Intel CEO delivers open letter in wake of Meltdown, Spectre

The Meltdown and Spectre exploits have rocked the computing world, as chipmakers scramble to patch the vulnerabilities. Intel was particularly hard hit by the exploits, forcing the firm to double down on security updates for them.

Now, following his keynote address at CES 2018, Intel CEO Brian Krzanich has issued an open letter, outlining a three-point pledge to consumers. The pledge starts with “customer-first urgency”.

“By 15 January, we will have issued updates for at least 90 percent of Intel CPUs introduced in the past five years, with updates for the remainder of these CPUs available by the end of January. We will then focus on issuing updates for older products as prioritised by our customers,” Krzanich noted.

The CEO also pointed to “transparent and timely communications” as the second part of the pledge.

“As we roll out software and firmware patches, we are learning a great deal. We know that impact on performance varies widely, based on the specific workload, platform configuration and mitigation technique. We commit to provide frequent progress reports of patch progress, performance data and other information,” Krzanich explained, directing users to Intel’s website for progress reports.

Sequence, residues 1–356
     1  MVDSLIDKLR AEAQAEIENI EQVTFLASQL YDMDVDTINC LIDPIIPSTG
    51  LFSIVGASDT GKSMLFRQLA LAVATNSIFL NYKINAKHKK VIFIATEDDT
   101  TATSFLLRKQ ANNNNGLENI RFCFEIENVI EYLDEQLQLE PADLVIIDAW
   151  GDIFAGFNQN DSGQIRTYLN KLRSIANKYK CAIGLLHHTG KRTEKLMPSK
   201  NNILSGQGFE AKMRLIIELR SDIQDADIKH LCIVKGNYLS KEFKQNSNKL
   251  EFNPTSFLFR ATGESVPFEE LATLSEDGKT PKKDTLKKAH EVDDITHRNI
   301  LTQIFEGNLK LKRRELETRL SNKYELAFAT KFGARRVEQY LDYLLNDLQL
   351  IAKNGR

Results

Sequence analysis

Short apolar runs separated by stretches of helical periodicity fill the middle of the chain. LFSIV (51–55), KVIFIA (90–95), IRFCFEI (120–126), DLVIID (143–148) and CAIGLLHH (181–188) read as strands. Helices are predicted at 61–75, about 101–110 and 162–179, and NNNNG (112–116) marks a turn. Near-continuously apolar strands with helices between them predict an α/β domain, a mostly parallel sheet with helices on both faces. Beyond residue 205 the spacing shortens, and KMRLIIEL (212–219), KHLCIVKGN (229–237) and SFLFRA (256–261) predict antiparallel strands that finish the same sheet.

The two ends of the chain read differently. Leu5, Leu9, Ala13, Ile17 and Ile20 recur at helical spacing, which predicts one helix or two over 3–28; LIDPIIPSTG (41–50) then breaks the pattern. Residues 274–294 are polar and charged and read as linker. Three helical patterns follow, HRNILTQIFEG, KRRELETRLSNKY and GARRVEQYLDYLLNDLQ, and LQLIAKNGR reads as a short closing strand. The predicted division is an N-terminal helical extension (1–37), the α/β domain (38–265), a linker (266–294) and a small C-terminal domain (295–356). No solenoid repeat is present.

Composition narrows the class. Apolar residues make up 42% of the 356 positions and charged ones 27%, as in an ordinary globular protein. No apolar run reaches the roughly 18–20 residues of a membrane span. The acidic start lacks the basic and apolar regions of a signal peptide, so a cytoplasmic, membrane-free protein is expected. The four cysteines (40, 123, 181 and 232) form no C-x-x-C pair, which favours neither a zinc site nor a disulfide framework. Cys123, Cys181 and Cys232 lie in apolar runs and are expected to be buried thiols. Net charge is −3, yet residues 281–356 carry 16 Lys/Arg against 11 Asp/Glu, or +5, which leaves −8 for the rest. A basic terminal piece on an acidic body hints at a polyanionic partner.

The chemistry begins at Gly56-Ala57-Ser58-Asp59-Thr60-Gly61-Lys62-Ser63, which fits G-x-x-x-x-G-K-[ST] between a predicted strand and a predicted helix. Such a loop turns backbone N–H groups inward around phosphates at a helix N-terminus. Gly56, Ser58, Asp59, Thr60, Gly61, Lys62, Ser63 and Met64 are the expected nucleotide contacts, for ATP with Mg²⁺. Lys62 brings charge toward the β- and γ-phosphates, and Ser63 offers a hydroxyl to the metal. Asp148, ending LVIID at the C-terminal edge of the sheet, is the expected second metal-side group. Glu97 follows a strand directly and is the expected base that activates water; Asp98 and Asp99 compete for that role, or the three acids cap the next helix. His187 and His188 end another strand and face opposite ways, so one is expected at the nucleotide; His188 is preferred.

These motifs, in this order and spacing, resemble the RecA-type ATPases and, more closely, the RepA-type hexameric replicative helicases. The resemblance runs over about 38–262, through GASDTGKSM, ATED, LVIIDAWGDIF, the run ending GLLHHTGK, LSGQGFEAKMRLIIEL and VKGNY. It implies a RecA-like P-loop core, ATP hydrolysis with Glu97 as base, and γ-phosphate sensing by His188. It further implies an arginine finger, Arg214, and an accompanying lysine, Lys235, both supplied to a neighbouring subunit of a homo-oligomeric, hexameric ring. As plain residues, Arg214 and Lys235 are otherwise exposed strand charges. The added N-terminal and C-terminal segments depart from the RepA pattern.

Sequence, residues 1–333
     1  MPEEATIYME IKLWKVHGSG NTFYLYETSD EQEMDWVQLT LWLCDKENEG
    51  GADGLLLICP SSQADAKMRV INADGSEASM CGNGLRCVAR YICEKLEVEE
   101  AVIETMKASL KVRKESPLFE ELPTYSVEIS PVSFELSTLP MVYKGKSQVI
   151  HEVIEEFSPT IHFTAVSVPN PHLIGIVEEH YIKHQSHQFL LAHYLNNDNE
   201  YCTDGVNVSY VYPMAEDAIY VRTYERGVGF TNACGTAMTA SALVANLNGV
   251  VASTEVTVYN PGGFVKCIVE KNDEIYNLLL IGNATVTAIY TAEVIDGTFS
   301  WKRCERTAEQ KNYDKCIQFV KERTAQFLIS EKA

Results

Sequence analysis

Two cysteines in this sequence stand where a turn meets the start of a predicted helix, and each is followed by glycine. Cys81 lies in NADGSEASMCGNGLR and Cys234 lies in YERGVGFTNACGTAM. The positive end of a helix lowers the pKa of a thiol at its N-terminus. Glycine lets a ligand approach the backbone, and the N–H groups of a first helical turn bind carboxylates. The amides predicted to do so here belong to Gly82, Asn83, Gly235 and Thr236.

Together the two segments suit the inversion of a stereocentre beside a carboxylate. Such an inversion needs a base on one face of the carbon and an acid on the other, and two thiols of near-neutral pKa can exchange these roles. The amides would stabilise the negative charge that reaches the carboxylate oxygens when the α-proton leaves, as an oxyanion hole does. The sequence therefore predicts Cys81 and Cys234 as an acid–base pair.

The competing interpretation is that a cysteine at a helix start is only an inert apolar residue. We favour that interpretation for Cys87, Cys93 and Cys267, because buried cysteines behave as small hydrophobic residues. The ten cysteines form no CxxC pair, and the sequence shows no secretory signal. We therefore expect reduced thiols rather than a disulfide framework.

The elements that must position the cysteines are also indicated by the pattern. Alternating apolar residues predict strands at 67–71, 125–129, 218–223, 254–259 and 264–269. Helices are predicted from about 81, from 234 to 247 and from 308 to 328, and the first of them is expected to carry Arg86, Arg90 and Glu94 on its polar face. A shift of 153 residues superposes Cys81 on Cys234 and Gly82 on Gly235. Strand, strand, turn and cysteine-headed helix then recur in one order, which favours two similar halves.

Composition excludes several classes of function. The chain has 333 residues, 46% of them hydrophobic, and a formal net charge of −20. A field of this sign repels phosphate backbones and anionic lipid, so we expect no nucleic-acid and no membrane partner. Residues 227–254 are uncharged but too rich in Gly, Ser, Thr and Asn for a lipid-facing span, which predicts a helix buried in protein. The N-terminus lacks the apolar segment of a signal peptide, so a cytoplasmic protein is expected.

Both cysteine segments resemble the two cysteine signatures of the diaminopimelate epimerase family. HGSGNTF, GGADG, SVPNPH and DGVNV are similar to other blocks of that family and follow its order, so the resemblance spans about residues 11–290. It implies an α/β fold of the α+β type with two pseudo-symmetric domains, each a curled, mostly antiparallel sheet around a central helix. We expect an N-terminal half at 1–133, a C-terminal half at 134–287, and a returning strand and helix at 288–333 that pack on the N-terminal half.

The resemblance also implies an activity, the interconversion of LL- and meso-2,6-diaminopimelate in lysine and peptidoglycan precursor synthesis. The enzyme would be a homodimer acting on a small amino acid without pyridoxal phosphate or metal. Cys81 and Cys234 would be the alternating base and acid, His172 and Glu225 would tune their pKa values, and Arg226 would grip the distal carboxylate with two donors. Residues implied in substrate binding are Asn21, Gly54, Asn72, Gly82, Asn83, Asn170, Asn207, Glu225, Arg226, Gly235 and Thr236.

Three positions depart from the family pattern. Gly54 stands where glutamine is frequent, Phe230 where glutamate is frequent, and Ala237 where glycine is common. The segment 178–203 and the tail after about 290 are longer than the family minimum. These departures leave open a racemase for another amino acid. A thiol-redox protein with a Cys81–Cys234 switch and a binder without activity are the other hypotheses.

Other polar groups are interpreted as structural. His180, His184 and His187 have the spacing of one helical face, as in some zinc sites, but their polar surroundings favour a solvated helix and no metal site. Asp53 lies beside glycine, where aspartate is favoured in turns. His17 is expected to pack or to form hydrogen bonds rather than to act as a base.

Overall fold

Read more: Processor exploits – what are affected companies saying?

Finally, the Intel CEO highlighted “ongoing security assurance” as the third and final part of the pledge.

“Our customers’ security is an ongoing priority, not a one-time event. To accelerate the security of the entire industry, we commit to publicly identify significant security vulnerabilities following rules of responsible disclosure and, further, we commit to working with the industry to share hardware innovations that will accelerate industry-level progress in dealing with side-channel attacks. We also commit to adding incremental funding for academic and independent research into potential security threats.”

The open letter also comes after Krzanich was criticised for selling stock before the vulnerabilities were made public.



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